11. 16

    Excellent article. You’ve eloquently put into words something that I’ve been feeling in the back of my mind for a while now. Sometimes I feel that there is so much more to the Internet, more than has currently been realised, which we’ll only get to see if we start to take this sort of approach. Again, great article. Definitely resonated with me! :)

  12. 17

    I am always amazed by the comments on any news article on People just blame others for everything. If there is a story about a kitten being rescued from a tree, somehow the comments turn to blaming muslims or Obama for all the world’s problems. Trolls hiding behind anonymity and free hate speech is the by-product of democracy.

  13. 18

    I’m not going to describe really good my feeling about this subject, because of my bad English. But I can say that I don’t read often long articles on the web, maybe because of the bad “fast web”, but I’m happy to find subjects and descriptions like that. That’s smart and full of well thinking. I also asked me about how we use the web and it’s fine to find this kind of well written articles.
    Keep with these personal values!

  14. 19

    Sebastian Hoogenberk

    September 16, 2012 10:19 am

    Here’s my two cents (or WWIC) on this issue:

    I am also constantly astonished and (was) annoyed by the tone of comments, especially on YouTube. Fascinating how the same 2-3 arguments appear on pretty much every YouTube video. And it often ends in references to Nazis.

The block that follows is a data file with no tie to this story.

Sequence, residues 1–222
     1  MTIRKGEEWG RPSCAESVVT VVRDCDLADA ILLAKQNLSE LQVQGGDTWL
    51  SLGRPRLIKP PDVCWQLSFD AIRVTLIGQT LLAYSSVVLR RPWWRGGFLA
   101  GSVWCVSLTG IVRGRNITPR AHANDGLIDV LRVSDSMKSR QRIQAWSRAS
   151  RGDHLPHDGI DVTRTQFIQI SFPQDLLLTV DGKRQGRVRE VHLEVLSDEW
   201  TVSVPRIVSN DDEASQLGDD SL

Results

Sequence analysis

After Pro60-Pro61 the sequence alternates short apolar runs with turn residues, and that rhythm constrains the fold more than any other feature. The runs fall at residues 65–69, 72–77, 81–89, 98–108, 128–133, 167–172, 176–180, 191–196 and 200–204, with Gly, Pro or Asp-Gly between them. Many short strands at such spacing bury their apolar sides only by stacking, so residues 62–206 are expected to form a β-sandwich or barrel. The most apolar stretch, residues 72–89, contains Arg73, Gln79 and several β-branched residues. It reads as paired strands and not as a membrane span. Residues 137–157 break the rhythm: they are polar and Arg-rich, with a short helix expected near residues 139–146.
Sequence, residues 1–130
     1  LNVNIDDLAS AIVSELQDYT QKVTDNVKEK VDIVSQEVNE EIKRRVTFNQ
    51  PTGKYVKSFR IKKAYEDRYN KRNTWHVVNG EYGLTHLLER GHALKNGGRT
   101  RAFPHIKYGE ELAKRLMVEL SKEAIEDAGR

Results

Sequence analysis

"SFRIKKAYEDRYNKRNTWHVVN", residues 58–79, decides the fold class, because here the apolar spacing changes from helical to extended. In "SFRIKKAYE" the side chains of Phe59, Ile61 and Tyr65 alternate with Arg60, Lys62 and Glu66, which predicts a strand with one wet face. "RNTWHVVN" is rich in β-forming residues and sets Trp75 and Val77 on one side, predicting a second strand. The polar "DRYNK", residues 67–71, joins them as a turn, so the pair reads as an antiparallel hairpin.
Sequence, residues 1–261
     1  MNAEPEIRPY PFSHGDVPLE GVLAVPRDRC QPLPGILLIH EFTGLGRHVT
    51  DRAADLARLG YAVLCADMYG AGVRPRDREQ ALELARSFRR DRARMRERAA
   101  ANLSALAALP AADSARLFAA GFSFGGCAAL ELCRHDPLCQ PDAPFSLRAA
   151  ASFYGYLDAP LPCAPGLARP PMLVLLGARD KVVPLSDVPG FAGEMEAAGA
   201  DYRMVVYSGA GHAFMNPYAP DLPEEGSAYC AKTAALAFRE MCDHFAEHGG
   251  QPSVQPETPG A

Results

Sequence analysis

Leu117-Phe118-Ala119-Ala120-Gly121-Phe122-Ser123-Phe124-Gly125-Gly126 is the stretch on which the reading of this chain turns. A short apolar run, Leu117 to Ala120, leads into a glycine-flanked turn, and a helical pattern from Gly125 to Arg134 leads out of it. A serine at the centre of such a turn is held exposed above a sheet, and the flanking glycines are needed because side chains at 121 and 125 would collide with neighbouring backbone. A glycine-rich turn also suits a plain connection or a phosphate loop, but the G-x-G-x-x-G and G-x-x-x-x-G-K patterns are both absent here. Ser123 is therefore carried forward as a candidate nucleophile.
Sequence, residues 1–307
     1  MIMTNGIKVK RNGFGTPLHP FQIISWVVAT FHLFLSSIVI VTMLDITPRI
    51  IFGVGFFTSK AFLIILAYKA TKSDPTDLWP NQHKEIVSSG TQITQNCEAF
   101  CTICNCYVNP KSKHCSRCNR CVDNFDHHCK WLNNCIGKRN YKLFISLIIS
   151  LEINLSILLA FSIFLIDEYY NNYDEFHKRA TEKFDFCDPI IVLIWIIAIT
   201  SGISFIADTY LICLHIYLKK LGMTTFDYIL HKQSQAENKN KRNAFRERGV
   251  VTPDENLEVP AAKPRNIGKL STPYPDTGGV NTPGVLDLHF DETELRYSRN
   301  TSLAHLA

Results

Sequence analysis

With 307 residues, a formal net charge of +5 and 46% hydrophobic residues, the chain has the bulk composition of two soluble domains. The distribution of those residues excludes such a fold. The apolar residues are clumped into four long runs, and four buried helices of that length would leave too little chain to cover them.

But especially what Sophie Haewood wrote (about how nice in real life those people probably are that write angry comments) made me think (I actually thought about this a while ago): Could it be that especially people who work in offices, who are very composed and mild-mannered, who never show any anger, who actually *suppress* their anger most of the time, maybe tend to write foul comments on YouTube to blow off steam?

    I believe that you could be angry even if you don’t know it. And then it shows up in a YouTube comment, and you might be ashamed by it afterwards – but you are a human being. Maybe that’s why this is such a phenomenon.

    Anyway, I personally don’t really like openly angry, temperamental or even violent people. But if foul internet comments is how people today blow off their steam, I much prefer that over street violence. I simply ignore the foul comments and they don’t affect me really.

  15. 20

    Thanks for the article. Definitely, a great one.
    I love when people meditate about the futility of the social media experience and the actual ‘state of things’ in the web ecosystem.
    It looks like everybody has the right to express their opinion, and they has that right for sure, and everybody is in the pursuit of the 15 minutes of fame ( Andy Warhol ).
    Nowadays is far more easier than ever to publish anything, thanks to blog software tools. Much harder is to write something really interesting. And if it reduces the text needed be noticed to just 140 characters, the possibility of writing silly things is really huge.